March 28, 2019 feature
A new approach allows robots to attract passersby without causing them discomfort
Researchers at NTT Corporation in Japan have recently developed a user-centered reinforcement learning approach that could be used to teach 'manners' to social robots. Their method, outlined in a paper pre-published on arXiv, allows a robot to greet or attract the attention of passersby without causing them discomfort.
"My idea was inspired by barkers in a marketplace," Yasunori Ozaki, one of the researchers who carried out the study, told TechXplore. "Most barkers call passersby that are interested in the restaurant, yet they hardly call the others. As a result of this observation, I came up with the following hypothesis: barkers determine what passersby to call by inferring their interest in the service they are advertising from their behavior. I wanted to develop a method that allows a robot to imitate a barker's actions, by training it to understand people's interests."
Social robots are gradually entering a variety of fields, including healthcare and retail. In retail, for instance, social robots could help to explain products to passersby and potential customers.
Recently, a growing number of companies have started testing the effectiveness of robots as customer service agents, such as receptionists, guides or exhibitors. To be most effective in customer-facing roles, however, robots would need to greet passersby without startling them or making them feel uncomfortable.
With this in mind, Ozaki and his colleagues set out to develop a method that allows robots to adapt their mannerisms according to the situation they are in and the person with whom they are interacting. Their approach employs user-centered reinforcement learning to analyze data collected by a robot's sensors, so that it can adapt its actions accordingly.
"My method allows a robot to learn actions by observing the reactions of passersby," Ozaki explained. "When a robot acts towards a passerby, the passerby typically responds to such action. For example, if a robot calls a passerby, the call could cause that the passerby discomfort, or may result in the passerby becoming interested in the robot. The robot estimates a passerby's feelings from his/her reactions, by analyzing footage gathered by a sensor placed at its back."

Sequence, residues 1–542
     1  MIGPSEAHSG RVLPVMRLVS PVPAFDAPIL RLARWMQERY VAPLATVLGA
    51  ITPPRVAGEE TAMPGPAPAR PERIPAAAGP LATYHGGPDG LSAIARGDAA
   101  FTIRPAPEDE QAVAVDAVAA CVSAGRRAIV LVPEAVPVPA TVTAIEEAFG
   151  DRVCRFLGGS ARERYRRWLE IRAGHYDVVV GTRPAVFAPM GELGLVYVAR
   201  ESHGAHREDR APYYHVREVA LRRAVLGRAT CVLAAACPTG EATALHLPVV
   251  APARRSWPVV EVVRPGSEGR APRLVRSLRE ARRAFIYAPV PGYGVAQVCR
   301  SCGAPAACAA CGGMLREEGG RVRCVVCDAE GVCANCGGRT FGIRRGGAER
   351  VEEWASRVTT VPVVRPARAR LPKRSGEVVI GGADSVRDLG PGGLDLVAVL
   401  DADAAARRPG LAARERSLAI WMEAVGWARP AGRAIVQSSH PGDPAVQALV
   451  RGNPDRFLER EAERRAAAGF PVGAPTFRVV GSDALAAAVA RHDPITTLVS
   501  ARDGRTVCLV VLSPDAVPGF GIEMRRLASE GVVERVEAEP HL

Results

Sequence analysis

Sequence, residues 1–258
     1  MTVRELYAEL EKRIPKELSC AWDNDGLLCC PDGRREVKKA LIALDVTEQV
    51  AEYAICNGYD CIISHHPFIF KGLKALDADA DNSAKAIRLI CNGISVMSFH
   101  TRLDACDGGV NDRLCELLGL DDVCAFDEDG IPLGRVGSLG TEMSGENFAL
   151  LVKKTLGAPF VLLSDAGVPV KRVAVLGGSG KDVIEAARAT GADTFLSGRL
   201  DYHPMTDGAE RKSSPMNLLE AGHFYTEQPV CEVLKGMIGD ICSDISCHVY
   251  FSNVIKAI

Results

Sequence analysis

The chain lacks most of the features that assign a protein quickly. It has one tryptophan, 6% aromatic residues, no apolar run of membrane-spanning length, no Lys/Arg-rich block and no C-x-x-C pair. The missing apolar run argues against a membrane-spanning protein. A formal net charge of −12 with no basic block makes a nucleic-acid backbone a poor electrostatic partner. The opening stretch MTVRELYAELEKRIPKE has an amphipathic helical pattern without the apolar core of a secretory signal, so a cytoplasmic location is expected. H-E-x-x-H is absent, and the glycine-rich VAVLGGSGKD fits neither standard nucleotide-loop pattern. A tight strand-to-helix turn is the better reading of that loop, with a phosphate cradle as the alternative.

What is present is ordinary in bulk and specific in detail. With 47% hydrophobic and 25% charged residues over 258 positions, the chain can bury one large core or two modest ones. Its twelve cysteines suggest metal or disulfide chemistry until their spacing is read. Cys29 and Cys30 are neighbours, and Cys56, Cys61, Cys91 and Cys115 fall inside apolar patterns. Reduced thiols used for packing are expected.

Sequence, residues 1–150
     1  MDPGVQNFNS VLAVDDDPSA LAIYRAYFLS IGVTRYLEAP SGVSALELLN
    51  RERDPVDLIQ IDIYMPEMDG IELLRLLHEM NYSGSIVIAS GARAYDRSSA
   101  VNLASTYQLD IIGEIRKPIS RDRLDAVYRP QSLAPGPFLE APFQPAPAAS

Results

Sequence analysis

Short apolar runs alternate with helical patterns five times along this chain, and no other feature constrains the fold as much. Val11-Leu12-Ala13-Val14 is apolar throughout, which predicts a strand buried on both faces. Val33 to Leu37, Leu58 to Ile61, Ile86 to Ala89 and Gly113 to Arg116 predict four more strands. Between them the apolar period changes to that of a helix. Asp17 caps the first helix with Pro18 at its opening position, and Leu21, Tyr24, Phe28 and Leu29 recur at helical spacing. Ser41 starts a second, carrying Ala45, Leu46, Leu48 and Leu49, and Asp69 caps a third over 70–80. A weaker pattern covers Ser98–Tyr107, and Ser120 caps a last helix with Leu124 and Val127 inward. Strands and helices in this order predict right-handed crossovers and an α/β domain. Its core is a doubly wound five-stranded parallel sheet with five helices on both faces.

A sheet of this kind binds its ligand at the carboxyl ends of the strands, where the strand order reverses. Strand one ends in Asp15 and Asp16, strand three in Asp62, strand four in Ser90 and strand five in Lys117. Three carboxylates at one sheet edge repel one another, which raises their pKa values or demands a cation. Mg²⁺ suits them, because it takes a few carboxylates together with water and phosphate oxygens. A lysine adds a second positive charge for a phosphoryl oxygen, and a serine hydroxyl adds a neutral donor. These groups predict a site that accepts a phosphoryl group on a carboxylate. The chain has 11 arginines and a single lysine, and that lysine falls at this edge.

The approach devised by Ozaki and his colleagues is based on a reward and penalty scheme. If the robot infers discomfort in any passersby that it is communicating with, it gets a penalty. On the other hand, if a passerby stops, interacts with the robot and gets interested in it, the robot receives a reward. Over time, the robot learns to adapt its interaction strategies in order to gain people's attention without making potential customers feel uncomfortable.
"My method allows a robot to find combinations of actions that do not cause discomfort to passersby," Ozaki said. "Many researchers have examined user experience (UX), including discomfort, in human-robot interactions. However, they did not train robots based on this UX. I believe that we need to teach robots some manners related to UX and the human world. This would then allow the robot to tailor its actions to different situations and users, based on the manners it has acquired."
To evaluate their method, the researchers carried out an experiment at an office entrance, in which a small social robot called out to passersby and tried to attract their attention. Their findings were highly promising, as in most cases, the robot was able to attract people's attention without causing them discomfort.
The approach devised by Ozaki and his colleagues is designed to improve robot interactions with individual passersby, rather than with a bigger group of people. Further studies could expand the model to enhance the robot's interactions with groups of people as well. In addition, the researchers are planning to evaluate their method in scenarios where the social robot covers other roles, for instance that of a salesperson.
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